Justice for genocide

Far too many of history’s greatest criminals have died peacefully in their beds, but recent decades have seen at least some progress made towards greater accountability. Today comes another example: Ion Ficior, former commander of a Communist-era prison camp in Romania, has been sentenced to 20 years jail (he’s 87) for crimes against humanity.

The big one this year, of course, has been the conviction last week of the former Bosnian Serb president, Radovan Karadžić, who was sentenced to 40 years in prison on charges of genocide and other war crimes. You can read for yourself the very thorough statement of the international criminal tribunal.

It’s not certain that Karadžić will die in prison: previous defendants have been paroled after serving about two-thirds of their sentence, and Karadžić will get credit for the eight years that he has already been in custody. He could conceivably walk free in about 20 years, at which time he will be 90 – not an age at which anyone resumes a career as a war criminal.

But although Karadžić’s case is distinctive – in company with that of Ratko Mladić, once his military commander, who is still on trial in The Hague – the questions about criminal responsibility that it raises have an everyday familiarity.

We’re used to seeing reporters interviewing victims and their relatives during a criminal trial, asking how they feel about the process or its outcome. Some of this has even invaded the courtroom itself, with “victim impact statements” being heard in many jurisdictions prior to sentencing.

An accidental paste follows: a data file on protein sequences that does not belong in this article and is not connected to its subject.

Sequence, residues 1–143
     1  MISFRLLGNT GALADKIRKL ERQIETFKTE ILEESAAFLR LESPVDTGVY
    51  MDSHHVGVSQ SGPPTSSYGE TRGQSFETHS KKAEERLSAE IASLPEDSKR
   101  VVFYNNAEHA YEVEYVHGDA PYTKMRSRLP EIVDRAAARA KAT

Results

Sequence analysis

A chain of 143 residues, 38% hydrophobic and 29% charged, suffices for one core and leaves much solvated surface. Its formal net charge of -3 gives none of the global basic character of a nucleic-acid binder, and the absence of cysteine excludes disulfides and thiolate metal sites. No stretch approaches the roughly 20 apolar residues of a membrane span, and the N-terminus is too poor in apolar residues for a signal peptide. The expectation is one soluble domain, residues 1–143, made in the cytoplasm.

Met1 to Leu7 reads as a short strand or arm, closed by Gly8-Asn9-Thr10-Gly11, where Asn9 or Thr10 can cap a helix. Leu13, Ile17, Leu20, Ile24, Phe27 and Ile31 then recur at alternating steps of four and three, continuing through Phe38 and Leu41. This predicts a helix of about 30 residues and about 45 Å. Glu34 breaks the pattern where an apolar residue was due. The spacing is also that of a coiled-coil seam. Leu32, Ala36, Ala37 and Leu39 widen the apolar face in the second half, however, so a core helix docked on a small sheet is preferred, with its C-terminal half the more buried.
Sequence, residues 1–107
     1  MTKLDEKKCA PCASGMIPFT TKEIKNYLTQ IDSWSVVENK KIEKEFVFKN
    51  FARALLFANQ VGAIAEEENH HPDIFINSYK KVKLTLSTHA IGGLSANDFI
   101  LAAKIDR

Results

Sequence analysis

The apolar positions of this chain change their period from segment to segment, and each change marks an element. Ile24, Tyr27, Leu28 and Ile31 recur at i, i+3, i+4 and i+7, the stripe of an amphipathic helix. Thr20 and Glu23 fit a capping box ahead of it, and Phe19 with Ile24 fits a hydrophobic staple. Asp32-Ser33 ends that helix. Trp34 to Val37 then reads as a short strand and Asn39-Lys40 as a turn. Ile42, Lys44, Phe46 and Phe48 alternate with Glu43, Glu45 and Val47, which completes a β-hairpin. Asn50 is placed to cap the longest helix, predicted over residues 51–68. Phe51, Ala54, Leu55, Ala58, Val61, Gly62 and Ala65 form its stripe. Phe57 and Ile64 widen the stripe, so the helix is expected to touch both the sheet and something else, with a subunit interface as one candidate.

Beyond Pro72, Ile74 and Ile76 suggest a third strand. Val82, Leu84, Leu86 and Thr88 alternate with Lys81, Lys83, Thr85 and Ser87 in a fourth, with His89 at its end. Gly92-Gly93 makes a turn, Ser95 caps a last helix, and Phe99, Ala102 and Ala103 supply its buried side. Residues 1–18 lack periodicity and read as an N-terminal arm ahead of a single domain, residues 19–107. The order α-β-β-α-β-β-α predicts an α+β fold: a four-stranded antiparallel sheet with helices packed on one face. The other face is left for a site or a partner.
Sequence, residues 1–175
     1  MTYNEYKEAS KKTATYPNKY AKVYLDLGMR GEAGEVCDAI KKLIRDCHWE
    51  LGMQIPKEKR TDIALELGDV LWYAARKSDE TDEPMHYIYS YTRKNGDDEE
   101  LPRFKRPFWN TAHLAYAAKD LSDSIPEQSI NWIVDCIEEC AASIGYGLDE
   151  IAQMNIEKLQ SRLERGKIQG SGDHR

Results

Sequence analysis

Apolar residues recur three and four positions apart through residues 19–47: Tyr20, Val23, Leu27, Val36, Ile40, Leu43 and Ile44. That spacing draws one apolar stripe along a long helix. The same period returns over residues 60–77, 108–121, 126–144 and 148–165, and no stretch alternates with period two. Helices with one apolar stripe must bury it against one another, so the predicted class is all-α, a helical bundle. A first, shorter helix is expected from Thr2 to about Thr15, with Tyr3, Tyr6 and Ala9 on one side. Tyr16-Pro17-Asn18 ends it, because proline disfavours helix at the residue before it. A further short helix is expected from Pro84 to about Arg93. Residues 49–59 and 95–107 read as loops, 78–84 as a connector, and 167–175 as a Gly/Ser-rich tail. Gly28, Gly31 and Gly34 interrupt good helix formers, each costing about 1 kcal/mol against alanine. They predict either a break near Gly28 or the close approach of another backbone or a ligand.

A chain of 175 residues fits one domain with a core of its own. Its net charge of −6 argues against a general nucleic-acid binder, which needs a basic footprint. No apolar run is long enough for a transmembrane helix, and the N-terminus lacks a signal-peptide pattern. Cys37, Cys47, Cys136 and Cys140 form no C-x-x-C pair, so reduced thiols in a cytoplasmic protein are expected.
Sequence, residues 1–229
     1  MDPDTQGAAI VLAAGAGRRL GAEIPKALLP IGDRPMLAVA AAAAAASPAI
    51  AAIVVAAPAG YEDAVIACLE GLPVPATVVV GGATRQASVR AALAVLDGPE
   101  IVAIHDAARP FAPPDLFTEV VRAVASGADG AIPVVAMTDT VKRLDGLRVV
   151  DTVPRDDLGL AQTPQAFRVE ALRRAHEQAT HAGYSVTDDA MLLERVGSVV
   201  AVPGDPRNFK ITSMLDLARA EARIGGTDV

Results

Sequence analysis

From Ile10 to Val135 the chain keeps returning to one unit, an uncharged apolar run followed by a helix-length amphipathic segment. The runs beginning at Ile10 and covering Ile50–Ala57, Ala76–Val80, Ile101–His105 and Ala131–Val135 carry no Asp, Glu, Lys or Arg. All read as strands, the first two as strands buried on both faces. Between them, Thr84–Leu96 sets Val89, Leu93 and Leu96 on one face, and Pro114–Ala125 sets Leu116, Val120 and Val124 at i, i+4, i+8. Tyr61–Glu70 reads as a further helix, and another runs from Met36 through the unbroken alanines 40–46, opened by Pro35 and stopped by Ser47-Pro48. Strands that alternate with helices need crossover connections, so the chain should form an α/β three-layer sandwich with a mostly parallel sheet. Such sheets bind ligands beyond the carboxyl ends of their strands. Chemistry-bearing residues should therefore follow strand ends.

Bigger crimes are more newsworthy, so it’s the more serious cases we tend to hear about – but it’s also the serious cases that show how pointless it is to focus on the victim’s point of view.

For less serious matters, compensation is a real possibility. If your car has been stolen or your front fence vandalised, it’s possible, at least in principle, to get something back from the perpetrator that rights the wrong you have suffered. Even if you don’t end up getting any compensation, we feel we can balance the offence and the penalty in a reasonably satisfactory way.

But if your daughter has been raped and murdered, or your house burned down with half your family in it, talk of compensation is absurd, and the media’s insistence on looking at the victim’s point of view can be downright offensive.

One sympathises with the survivors in these cases, but we have to also realise that nothing the justice system can do will be of much use to them; what they need most is to put the crime behind them and get on with their lives. Pursuit of the offender has to be justified not by their interests, but by the interests of society.

Crimes don’t get any bigger than genocide, and the same lesson has been played out with Karadžić. The TV networks have found us veterans from Srebrenica and the like for the human interest angle; the New York Times has one survivor, “who said she had lost her only son, husband, cousins and all the other men from her family,” complain that Karadžić “should have had a life sentence.”

But the real import of the trial was elsewhere. Crimes against humanity are not pursued for the sake of the particular group that falls victim in a particular case. The whole point is that the interests of humanity in general are involved.

The likes of Karadžić have to be hunted down not to give closure to the victims (could there ever be “closure” for genocide?), but to ensure security to the rest of us and vindicate our claim to live in a civilised world.

Whether or not last week’s sentence may bring some comfort to the people of Bosnia, its message transcends their particular circumstances. We do the victims of genocide no good by insisting that they have a personal stake in Karadžić’s fate. We all have that stake: not as victims but as citizens.


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